Mobility in Armor

It’s no secret, metal is a heavy material. So how was it that a Medieval knight could wear it head to toe and still be able to maneuver in combat? In this article we’ll clarify that while wearing armor was not for the frail, you didn’t have to be a mythical warrior to wear it effectively.

When we talk about a Medieval knight we mean the classic-romantic image that probably comes to mind for most folks. That means wool or linen layers at the base, followed by chainmail and topped off with a fitted plate.

Typical battle armor weighed between 45 and 55 pounds which isn’t as much as it sounds actually. Compare that to firefighters who wear something around the 45-75 pound mark or the soldiers of today who can wear as much as 100 pounds of equipment, which makes Medieval armor sound like a walk in the park.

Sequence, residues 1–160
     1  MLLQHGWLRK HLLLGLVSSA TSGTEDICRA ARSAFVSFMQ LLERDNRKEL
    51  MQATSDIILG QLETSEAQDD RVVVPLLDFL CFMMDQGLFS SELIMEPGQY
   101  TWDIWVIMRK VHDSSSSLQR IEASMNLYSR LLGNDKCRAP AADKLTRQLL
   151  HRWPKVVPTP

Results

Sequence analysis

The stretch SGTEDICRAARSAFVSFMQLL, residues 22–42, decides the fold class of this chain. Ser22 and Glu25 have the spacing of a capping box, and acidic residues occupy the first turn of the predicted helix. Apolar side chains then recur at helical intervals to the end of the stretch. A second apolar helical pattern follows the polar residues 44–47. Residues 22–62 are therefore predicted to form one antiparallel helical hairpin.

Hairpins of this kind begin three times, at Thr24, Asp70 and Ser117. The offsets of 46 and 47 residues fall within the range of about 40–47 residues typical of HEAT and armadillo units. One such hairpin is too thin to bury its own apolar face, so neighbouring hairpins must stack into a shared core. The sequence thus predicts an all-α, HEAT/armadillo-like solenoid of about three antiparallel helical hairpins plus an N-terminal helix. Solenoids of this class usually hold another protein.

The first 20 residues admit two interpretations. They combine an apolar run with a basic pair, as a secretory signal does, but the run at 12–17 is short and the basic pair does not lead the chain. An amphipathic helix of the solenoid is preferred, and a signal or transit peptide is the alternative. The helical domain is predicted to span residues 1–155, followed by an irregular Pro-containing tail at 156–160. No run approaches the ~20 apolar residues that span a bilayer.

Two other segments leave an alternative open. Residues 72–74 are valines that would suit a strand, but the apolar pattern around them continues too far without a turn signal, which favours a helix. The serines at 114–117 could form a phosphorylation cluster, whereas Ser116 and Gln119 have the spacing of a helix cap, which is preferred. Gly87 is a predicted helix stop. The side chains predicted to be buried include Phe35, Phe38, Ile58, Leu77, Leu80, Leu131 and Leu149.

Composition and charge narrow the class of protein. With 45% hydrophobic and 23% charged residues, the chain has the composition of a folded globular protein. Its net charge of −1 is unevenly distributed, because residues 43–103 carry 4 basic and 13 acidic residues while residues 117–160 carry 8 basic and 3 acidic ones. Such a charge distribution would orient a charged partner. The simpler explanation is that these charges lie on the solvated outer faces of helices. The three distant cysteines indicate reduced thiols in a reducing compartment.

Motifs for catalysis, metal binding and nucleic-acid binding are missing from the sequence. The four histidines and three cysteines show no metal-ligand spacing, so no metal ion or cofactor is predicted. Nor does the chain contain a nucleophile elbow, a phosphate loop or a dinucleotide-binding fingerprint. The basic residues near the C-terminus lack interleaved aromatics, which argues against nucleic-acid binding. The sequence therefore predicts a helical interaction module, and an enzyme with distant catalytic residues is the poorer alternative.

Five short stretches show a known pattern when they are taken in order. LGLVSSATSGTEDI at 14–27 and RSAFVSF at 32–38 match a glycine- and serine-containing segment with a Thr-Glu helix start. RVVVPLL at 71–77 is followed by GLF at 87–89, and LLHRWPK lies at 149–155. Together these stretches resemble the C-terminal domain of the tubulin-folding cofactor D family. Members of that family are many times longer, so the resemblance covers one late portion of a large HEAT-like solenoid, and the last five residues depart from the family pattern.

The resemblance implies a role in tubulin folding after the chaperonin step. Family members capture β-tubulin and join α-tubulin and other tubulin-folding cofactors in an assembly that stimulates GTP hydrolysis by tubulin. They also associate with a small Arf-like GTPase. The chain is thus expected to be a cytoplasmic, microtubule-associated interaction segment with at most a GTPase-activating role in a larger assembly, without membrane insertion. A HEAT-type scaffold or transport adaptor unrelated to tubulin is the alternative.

To keep all that weight from interfering with the knight’s mobility it was evenly distributed across the entire body rather than letting the burden be carried by the shoulders or waist. Each piece of armor was tied or strapped to the part of the body it protected with mail or leather covering the joints. By following this natural design knights maintained an excellent range of motion.

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